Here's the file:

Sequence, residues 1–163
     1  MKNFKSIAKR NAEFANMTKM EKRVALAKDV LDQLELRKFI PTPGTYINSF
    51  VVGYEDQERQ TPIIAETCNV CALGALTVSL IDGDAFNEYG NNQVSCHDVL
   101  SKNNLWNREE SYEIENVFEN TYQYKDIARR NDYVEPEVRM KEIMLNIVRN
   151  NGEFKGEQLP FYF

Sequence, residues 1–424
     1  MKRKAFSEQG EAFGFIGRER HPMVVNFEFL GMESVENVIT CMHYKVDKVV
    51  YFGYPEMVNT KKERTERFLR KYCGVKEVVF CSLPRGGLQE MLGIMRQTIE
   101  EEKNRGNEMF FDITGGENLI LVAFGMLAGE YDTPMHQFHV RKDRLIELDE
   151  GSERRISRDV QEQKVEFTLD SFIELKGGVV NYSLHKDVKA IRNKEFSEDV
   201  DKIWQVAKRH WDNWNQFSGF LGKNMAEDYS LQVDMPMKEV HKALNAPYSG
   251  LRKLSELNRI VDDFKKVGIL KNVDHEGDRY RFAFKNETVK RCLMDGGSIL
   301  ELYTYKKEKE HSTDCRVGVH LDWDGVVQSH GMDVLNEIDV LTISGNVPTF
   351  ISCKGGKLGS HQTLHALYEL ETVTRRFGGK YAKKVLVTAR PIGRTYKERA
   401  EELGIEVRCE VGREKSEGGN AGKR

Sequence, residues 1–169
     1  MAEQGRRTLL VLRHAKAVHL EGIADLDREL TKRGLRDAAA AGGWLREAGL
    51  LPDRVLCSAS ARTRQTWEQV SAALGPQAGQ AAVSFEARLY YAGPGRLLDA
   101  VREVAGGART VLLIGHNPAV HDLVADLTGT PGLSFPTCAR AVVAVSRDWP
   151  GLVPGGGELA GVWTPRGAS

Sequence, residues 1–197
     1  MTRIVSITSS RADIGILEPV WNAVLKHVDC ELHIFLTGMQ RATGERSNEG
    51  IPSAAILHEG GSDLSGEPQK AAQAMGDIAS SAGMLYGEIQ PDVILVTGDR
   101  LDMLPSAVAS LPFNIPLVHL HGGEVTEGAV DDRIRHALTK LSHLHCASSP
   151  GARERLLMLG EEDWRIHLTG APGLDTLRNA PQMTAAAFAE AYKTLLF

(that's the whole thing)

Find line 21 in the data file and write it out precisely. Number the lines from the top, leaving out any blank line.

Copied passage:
Sequence, residues 1–197